2016 Wrap Up

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Well… I didn’t do as well as I had hoped in 2016.

I set myself a goal of 60 books to read this year. I ended up with… 33.

Ouch.

I’m staring at my list, thinking to myself, “That’s it? That’s all I read? That’s not much…” At least compared to previous years.

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So where did I go so horribly wrong with my reading? Well, I definitely struggled with the beginning and the end of the year. It took me until March to read ONE book, and I haven’t finished a book since October. (Although I’ve been making a lot of progress with my current read these last couple days! You know.. The one I’ve been reading since November..) The holidays seem to be kicking my ass the past few years, making it impossible to have time to read, and then it takes me forever to recover. I’m going to try a LOT harder next year. No more ZERO book months!

As I scroll down the list, I realize there are a lot of mediocre books on it. There are plenty of stories that were good, but not great, but there are some that I don’t even remember what they’re about anymore. And some I plain wish I could forget.

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This is the Story of You

This is the Story of You by Beth Kephart

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On Haven, a six-mile-wide stretch of barrier island, Mira Banul and her Year-Rounder friends have proudly risen to every challenge. But when a superstorm defies all predictions and devastates the island, when it strands Mira’s mother and brother on the mainland and upends all logic, nothing will ever be as it was. A stranger appears in the wreck of Mira’s home. A friend obsessed with vanishing is gone. As the mysteries deepen, Mira must find the strength to carry on– to somehow hold her memories in place while learning to trust a radically reinvented future.

— From the book jacket of This is the Story of You

Six miles long. One-half mile wide. One school in what was once a bank. 14 kids in the class of 2016. One bridge in and out. One letter short of Heaven. One superstorm to change it all forever.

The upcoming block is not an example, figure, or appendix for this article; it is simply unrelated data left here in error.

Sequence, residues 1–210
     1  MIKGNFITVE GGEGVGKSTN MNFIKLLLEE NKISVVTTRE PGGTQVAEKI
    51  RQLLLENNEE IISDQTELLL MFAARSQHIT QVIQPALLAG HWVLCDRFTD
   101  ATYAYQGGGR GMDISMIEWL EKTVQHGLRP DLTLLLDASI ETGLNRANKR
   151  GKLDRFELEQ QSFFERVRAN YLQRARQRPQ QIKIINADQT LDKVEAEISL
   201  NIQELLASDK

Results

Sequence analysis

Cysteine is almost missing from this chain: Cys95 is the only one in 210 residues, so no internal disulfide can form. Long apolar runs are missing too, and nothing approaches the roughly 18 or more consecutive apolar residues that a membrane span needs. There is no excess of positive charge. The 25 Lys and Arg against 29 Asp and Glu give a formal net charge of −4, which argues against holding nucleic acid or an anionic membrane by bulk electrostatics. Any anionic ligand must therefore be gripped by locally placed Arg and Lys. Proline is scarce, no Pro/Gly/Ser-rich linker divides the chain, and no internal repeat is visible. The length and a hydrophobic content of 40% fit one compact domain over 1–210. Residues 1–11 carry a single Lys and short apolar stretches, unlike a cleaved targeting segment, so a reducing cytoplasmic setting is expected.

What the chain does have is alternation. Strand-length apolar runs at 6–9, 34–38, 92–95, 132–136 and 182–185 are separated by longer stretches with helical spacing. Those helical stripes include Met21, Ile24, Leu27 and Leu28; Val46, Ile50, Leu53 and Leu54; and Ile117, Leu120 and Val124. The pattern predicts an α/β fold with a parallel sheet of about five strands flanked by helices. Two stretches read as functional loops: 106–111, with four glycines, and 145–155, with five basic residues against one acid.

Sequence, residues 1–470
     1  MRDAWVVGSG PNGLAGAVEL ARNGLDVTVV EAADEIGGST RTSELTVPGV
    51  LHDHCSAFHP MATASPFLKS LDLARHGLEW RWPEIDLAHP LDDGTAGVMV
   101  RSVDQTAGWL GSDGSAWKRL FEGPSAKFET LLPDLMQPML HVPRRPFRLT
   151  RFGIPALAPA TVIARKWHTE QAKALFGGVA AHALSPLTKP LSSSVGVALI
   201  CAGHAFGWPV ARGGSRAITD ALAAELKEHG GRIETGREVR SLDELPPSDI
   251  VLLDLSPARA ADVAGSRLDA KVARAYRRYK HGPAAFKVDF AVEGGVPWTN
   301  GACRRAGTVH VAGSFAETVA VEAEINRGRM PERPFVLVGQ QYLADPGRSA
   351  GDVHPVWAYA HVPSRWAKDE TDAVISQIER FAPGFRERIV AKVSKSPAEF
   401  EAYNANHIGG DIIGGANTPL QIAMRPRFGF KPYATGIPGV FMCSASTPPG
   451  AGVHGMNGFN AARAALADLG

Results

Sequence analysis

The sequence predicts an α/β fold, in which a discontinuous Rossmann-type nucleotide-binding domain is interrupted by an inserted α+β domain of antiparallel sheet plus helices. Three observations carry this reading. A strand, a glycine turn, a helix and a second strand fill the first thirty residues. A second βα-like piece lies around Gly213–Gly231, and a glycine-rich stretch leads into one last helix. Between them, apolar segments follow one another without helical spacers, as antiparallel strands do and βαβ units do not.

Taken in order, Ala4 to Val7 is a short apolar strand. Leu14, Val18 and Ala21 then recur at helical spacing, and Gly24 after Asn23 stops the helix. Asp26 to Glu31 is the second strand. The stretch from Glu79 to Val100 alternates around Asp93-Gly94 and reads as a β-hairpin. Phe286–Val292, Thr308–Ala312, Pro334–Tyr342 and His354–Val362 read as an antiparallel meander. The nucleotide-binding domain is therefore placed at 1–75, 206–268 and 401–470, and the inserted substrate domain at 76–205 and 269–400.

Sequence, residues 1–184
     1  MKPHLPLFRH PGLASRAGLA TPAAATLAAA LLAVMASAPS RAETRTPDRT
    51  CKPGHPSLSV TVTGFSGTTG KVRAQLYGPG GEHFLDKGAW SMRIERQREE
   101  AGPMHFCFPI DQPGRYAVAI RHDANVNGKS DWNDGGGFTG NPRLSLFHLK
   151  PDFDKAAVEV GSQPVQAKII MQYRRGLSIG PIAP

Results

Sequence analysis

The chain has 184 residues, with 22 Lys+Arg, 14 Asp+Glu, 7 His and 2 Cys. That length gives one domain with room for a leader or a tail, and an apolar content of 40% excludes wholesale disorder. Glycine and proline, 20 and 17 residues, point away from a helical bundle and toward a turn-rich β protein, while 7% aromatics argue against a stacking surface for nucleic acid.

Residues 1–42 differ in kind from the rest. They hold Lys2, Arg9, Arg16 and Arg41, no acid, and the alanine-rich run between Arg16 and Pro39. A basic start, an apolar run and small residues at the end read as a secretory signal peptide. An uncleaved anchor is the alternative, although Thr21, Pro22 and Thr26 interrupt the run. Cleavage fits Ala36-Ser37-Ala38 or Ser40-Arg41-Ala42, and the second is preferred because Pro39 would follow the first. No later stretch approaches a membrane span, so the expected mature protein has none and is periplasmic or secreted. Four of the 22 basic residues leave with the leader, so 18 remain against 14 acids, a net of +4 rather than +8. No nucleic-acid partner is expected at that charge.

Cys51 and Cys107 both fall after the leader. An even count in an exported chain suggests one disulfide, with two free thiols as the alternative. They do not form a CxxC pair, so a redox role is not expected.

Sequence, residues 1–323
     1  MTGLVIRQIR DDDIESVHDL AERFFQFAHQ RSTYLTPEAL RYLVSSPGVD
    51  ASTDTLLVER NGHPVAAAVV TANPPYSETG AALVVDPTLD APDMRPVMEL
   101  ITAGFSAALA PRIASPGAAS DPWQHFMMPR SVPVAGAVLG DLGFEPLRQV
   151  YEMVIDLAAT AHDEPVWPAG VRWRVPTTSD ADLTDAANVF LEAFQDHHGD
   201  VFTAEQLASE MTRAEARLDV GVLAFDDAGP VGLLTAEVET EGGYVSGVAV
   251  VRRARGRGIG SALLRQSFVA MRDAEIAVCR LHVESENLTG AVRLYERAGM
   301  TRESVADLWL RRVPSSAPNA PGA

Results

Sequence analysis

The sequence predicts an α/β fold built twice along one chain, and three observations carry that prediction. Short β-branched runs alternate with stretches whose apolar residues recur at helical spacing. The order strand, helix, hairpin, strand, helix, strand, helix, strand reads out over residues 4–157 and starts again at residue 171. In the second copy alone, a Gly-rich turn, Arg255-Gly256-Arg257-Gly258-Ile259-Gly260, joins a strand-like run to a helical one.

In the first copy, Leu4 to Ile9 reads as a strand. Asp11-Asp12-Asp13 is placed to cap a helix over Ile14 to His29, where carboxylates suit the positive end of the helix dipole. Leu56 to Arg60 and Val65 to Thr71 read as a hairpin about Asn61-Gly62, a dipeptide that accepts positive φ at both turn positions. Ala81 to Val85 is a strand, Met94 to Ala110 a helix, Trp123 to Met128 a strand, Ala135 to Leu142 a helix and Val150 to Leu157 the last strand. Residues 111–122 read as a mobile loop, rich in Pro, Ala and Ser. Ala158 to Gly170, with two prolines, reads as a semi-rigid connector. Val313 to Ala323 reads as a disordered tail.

Mira has lived in Haven, a small island off the coast of New Jersey, her whole life. Living in the attic of the seaside cottage she shares with her mother and her brother, Mira enjoys the slow pace of being a Year-Rounder. Hanging out with her friends Eva and Deni, riding their “modes” from one end of the island to the other (Mira’s mode of choice– a pair of roller skates), and watching over her little brother Jasper Lee, Mira’s life on Haven is pretty normal.

When snippets of news float in about a storm out at sea, no one seems overly concerned. Haven is prepared for weather. They pride themselves on it. They’d be ready if it hits.

In the beginning it was just the beginning. The storm had no name. It was far away and nothing big, mere vapors and degrees. It was the middle-ish of September. Empty tables in restaurants, naked spaces in parking lots, cool stairs in the lighthouse shaft.

You could watch the sky, and it was yours. You could stand on the south end of the barrier beach and see Atlantic City blinking on and off like a video game. You could ride your wheels home, and the splat splat on the wide asphalt was your sweet siren song.

Everything calm. Nothing headed toward crumble.

— From the back cover of This is the Story of You

When Mira’s mother, Mickey, takes Jasper Lee to the mainland for his weekly treatments for the rare disease he was born with, Mira is left on her own. That night a mysterious stranger shows up at her door, looking for a way in. But soon the stranger is the least of her worries. The storm has also arrived, and it’s brought all its unimaginable fury with it.

In the light of morning, the devastation is clear. Mira’s home is flooded. Other homes are simply gone. Debris fills the beach and floats out to sea. People are missing, including Mira’s best friend Eva. And the bridge to the mainland–washed away. With no way to even contact the mainland, Mira has no idea how her family has fared. She’s on her own. But she’s not alone. She’s part of Haven, a community that watches out for each other.

In the days that follow the storm, there will be traedgy. There will be loss. There will be heartbreak and horror. But there will also be hope. Haven will rebuild, as it always has.

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